I think it's obvious that we are now seeing the end of this agonizing odyssey that this body has been put through, but, far more importantly, the American people have been put through. It's one of the more shameful chapters that I have seen in the years that I have spent here in the Senate.


    Senators resurrected their plan late yesterday after competing proposals floated from House Republicans reportedly failed to gain support from conservatives. By then, the pressure to act had ratcheted up considerably, with the financial world warning about the effects of default, including a possible downgrade of the government's AAA credit rating.

    On the other hand, there was pressure from outside conservative groups to oppose the plan. Much of that pressure was aimed at House Republicans, who met this afternoon to evaluate how to proceed with the Senate proposal.

    Going in, Speaker John Boehner told a Cincinnati radio station his side had done all it could.


    We have been locked in a fight over here, trying to — trying to bring government down to size, trying to do our best to stop Obamacare. We fought the good fight. We just didn't win.


    After the meeting, Boehner issued a statement, saying House Republicans would not try to block the Senate bill.

    At the White House, Press Secretary Jay Carney said President Obama planned to sign the bill, but he stopped short of claiming victory.

  • JAY CARNEY, White House Press Secretary:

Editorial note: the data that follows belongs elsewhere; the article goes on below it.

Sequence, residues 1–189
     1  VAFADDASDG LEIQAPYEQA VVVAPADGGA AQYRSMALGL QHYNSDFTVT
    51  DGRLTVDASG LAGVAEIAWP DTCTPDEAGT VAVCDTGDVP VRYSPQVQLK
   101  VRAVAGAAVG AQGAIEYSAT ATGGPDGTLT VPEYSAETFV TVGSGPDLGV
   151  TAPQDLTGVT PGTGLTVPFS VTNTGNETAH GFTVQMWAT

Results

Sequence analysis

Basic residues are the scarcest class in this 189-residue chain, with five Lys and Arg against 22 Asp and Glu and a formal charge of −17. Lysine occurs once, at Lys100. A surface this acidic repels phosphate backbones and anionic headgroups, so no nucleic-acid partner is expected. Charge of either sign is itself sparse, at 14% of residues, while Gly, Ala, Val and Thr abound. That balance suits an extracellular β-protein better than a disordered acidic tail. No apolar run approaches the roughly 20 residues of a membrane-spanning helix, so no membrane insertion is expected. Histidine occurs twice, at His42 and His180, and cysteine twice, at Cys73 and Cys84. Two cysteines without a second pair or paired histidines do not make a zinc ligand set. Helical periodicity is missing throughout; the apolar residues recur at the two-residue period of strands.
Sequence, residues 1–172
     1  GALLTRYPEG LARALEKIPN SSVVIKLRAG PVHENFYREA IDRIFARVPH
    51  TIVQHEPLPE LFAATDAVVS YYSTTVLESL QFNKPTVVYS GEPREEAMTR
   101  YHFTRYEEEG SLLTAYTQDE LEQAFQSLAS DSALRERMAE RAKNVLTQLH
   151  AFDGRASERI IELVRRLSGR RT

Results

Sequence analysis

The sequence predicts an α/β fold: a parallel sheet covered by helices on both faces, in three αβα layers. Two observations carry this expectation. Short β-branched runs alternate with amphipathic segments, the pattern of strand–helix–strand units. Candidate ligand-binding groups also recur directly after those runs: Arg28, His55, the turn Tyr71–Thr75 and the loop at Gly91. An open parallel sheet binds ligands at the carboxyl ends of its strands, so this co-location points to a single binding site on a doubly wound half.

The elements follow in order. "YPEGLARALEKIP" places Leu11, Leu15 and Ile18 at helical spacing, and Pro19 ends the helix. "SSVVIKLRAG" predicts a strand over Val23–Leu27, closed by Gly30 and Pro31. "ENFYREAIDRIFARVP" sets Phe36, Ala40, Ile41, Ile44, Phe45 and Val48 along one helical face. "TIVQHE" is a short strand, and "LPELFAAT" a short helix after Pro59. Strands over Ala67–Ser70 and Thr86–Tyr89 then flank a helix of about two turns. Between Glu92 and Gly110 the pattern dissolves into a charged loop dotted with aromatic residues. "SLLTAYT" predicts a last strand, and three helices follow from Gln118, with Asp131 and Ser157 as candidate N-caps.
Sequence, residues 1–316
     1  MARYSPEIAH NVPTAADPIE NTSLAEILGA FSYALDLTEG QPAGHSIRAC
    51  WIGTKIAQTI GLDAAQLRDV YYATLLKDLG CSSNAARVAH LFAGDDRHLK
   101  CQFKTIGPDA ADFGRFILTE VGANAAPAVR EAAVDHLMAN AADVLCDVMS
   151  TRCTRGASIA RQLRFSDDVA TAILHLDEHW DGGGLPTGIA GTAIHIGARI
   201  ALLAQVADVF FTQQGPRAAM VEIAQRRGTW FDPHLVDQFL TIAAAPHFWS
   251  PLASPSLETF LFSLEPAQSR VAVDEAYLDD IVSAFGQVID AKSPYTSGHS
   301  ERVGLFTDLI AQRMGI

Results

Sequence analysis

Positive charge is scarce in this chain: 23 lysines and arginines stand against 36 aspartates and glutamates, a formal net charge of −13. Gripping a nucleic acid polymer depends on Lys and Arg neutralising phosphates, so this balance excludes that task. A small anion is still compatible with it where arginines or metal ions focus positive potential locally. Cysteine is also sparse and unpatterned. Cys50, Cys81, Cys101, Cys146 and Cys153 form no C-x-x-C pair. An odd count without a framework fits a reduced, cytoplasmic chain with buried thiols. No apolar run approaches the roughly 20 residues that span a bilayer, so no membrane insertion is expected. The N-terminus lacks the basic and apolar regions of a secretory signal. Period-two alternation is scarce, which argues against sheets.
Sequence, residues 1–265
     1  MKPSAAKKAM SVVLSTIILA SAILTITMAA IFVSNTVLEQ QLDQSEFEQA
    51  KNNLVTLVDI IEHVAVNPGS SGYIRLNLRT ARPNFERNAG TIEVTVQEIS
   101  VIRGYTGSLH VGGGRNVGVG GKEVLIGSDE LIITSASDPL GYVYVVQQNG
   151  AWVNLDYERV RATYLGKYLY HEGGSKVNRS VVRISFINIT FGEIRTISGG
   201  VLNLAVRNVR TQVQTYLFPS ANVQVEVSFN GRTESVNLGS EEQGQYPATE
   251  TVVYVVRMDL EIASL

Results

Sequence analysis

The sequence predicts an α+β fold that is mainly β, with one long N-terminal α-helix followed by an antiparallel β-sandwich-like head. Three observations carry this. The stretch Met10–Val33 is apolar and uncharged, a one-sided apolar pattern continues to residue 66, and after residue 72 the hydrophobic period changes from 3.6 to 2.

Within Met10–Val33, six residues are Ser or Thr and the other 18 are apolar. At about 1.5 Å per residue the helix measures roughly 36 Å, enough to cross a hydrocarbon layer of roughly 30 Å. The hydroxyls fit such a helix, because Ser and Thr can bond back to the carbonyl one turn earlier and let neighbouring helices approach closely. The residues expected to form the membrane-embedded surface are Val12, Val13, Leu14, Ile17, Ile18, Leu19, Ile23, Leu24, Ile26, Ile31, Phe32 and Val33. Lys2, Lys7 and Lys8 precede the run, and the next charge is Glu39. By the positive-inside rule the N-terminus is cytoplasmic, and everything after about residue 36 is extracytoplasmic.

There are no winners here. We said that from the beginning, and we're going to say it right up to the end, because it's true. The American people have paid a price for this.


    Wall Street applauded the breakthrough. The Dow industrials gained more than 205 points on the day, while the Nasdaq rose 45 points.


    We go now to Capitol Hill and Lori Montgomery of The Washington Post, who has been following the day's developments.

    Yesterday, Lori, there was a dealing in the morning. Then it collapsed by evening. Today, it looks like there's a deal again in the Senate. Everybody's about to vote and ratify that. John McCain, you just heard, called it an agonizing odyssey.

    What changed today?

  • LORI MONTGOMERY, The Washington Post:

    Well, what changed today is that we saw that John Boehner couldn't move legislation yesterday.

    They left last night really with no explanation for why they called off the vote, but it was clear to everybody that they could not put together a package that would get the support of 217 Republicans, so it really left Reid and McConnell with no choice.

    They had to revive these talks, which had actually been put on hold to gave Boehner chance to try to consolidate his hold on his own caucus. That didn't happen.


    So, it seems like there were a lot of key senators involved in finally forcing the issue. One was Mitch McConnell, as you mentioned. The other was Ted Cruz. How did they sort out their differences today?